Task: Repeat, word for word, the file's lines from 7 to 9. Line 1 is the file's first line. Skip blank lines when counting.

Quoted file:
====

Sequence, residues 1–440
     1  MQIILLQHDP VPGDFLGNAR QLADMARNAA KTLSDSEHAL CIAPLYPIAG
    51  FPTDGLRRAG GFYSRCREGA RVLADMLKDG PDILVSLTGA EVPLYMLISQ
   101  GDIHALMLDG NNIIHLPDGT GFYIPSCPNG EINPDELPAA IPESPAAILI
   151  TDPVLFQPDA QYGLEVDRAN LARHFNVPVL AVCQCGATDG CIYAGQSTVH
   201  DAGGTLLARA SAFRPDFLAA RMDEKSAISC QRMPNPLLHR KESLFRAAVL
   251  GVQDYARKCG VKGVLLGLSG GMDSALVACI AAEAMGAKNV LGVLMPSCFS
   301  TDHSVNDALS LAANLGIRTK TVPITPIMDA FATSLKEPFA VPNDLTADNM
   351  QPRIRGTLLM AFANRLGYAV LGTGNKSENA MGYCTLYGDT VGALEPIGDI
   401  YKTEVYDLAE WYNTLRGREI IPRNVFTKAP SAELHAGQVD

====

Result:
   251  GVQDYARKCG VKGVLLGLSG GMDSALVACI AAEAMGAKNV LGVLMPSCFS
   301  TDHSVNDALS LAANLGIRTK TVPITPIMDA FATSLKEPFA VPNDLTADNM
   351  QPRIRGTLLM AFANRLGYAV LGTGNKSENA MGYCTLYGDT VGALEPIGDI